We eat a decent amount of vaguely Mexican food at our house—quesadillas, enchiladas, tacos, burritos. I say ‘vaguely’ because what I usually throw together is so gringa, it verges on embarrassing. But let’s get real, whatever vehicle I can use to get pepperjack and sour cream into my mouth, I’m down with it.

Guacamole, my ancho chili black beans (recipe: can of black beans + onion + ancho chili powder + salt, simmered 20 minutes) and cabbage slaw (recipe: cabbage + lime juice + sour cream + salt, tossed) commonly make an appearance, and if we’re lucky, so do Jordan’s margaritas.

Jordan’s been perfecting his margarita recipe for quite a while now, and this one packs a decent punch. None of that citric acid / corn syrup bullshit goes down around here, just the perfect union of lime and tequila. I’m feeling pretty good by the time I’m warming up tortillas.


Jordan’s Margarita, serves two
1 1/2 – 2 oz fresh lime juice (depending on how sour your limes are)
1 1/2 oz tequila
1 oz mezcal (use more tequila if you don’t have mezcal, but it does add a nice smokiness to the drink)
3/4 oz agave nectar

Combine ingredients in a shaker and stir with ice. Strain into two glasses with ice. Salt the rim if you’re feeling fancy, but we usually don’t bother. That lime wedge garnish, also totally optional.



Ps. Look at that bowl of pico de gallo! Our CSA is still somehow sending us tomatoes (global warming, impressive storage techniques?), and Jordan threw some salsa together. Those knife skills! Good thing I’m tying that one down.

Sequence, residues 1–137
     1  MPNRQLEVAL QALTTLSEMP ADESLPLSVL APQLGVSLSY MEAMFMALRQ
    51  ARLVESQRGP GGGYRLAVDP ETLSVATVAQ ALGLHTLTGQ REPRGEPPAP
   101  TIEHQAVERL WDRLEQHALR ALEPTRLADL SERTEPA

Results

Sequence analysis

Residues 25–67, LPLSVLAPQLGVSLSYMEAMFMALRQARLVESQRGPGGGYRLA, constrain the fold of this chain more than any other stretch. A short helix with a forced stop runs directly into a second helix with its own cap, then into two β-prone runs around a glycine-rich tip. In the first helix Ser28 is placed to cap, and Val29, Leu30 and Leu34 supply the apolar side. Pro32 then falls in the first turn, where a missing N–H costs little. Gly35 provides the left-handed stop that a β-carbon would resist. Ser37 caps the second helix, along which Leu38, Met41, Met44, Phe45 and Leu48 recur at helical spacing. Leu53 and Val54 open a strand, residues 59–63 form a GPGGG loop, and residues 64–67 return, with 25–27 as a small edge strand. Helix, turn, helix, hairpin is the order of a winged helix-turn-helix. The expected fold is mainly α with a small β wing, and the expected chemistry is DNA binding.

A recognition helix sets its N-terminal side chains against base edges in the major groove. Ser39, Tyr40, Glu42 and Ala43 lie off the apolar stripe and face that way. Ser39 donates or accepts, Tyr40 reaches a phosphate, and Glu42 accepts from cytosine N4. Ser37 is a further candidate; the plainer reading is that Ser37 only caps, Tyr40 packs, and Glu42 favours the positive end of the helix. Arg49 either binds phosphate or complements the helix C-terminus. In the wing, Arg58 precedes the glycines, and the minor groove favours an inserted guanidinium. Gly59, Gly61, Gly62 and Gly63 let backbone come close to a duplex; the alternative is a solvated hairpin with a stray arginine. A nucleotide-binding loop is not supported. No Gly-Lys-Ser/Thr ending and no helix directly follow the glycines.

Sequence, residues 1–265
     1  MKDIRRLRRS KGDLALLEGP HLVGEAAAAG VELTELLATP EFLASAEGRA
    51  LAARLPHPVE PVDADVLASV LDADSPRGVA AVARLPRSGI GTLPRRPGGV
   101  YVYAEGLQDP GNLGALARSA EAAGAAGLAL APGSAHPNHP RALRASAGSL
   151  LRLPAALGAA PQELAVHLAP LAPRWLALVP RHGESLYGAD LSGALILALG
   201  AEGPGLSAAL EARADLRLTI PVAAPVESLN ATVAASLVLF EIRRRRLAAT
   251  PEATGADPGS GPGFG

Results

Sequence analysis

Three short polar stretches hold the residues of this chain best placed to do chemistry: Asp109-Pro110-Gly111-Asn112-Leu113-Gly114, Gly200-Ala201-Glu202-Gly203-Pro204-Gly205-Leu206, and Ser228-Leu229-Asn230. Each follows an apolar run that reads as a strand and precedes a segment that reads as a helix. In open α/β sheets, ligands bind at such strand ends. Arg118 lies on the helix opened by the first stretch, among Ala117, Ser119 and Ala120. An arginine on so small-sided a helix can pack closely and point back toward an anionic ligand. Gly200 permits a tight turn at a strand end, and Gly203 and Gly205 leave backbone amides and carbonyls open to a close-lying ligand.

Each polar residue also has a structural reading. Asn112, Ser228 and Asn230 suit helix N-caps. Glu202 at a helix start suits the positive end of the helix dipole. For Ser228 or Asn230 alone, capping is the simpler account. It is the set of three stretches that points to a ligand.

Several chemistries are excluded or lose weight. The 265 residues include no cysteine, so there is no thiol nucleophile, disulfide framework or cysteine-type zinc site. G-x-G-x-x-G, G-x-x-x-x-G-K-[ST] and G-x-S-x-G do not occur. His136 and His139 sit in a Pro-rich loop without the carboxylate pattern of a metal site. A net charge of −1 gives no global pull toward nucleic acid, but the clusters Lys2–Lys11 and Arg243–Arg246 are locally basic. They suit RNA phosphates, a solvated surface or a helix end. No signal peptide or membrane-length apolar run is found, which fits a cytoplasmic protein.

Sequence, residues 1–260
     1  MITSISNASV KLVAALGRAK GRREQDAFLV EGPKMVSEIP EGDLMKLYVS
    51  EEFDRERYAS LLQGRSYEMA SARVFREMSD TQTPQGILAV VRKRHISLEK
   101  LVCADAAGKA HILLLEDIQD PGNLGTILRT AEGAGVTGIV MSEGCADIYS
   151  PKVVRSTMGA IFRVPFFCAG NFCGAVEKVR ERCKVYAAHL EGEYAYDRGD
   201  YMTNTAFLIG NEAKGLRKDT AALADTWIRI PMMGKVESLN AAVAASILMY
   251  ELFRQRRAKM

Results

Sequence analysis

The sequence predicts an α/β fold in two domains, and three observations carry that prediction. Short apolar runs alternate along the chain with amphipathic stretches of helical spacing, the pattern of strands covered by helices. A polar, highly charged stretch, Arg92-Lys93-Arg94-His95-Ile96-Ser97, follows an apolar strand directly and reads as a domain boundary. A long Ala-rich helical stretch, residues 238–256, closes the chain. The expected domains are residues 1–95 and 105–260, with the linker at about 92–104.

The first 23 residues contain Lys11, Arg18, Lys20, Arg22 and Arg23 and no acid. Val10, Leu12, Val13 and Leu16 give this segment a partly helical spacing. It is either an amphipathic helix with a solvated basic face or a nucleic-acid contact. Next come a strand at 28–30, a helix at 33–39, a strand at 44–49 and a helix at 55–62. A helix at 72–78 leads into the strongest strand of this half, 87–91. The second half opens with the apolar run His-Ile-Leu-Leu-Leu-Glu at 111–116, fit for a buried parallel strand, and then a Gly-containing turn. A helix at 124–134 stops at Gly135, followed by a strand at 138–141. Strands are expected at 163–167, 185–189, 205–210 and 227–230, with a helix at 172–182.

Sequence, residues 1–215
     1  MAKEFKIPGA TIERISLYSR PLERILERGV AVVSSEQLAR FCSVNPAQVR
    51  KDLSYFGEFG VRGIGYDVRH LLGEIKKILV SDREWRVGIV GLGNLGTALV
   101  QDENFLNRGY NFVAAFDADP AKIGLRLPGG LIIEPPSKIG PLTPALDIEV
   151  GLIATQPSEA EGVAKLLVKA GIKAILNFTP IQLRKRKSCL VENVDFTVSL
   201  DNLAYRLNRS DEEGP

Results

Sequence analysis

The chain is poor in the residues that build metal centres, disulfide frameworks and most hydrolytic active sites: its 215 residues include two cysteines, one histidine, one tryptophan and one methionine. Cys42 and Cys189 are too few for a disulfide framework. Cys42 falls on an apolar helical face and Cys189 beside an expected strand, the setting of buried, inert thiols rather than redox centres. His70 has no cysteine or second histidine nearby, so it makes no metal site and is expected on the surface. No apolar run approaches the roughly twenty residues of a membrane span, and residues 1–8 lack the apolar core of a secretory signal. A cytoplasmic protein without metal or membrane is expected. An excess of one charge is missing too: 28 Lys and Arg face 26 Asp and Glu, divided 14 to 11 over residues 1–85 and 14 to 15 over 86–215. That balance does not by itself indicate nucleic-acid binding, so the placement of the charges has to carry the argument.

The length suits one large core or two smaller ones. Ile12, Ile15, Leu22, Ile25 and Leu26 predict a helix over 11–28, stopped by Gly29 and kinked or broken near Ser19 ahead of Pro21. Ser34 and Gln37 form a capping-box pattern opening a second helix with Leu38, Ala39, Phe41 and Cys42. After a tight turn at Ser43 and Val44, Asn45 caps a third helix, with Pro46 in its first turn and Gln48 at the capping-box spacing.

Pps. I’m going to Taipei, Taiwan on Wednesday for work! My plan is to eat all the things and take many, many photos. Jordan’s dad’s Canon AE-1 is coming out of retirement for the occasion. More upon my return!

Recipes San Francisco Thoughts on Life

tomato sauce, chicken broth and wedding plans

Saturday was the first weekend day I’d spent at home in a month—October really was an exceptionally busy month.  I took the day to catch up on home things, which mostly meant clearing 20 pounds of tomatoes and three chicken carcasses out of my freezer. Glamorous.


While my sauce and stock were simmering, I started a new weaving. I’ve been pretty into this small-scale textile art lately. Like cooking, it requires just enough effort and concentration to occupy my mind, but not so much that it’s no longer is relaxing. On top of that, the states are low. If you make a mistake, grab a pair of scissors and you start again. Low stakes, moderate concentration, repetitive movements, reruns of Archer in the background—ideal hobby characteristics in my opinion.

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We’ve also began to really put our minds to planning this whole wedding thing. My mom has been a tremendous help so far, taking most of the dull tasks off my plate, like booking hotels and shuttle buses and tables and chairs, and leaving me with the fun stuff, invitations, food, flowers, photgrapher. It’s a pretty lucky setup.

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The more things we plan, the more real it gets. I’ve got our Save the Date cards mocked up, and Jordan’s favorite of those attempts is sitting on our kitchen table. Every time I look at it, I think, we’re really doing this thing, aren’t we?

Even though we’ve been together for ages, marriage still feels like a big step. I have no doubts it’s the right one, but hitching your wagon to someone else’s forever, it’s hard to imagine that not feeling pretty huge, even when you know it’s exactly right.


Ps. Tomato Sauce Recipe & Canning Instructions, and Chicken Stock Recipe.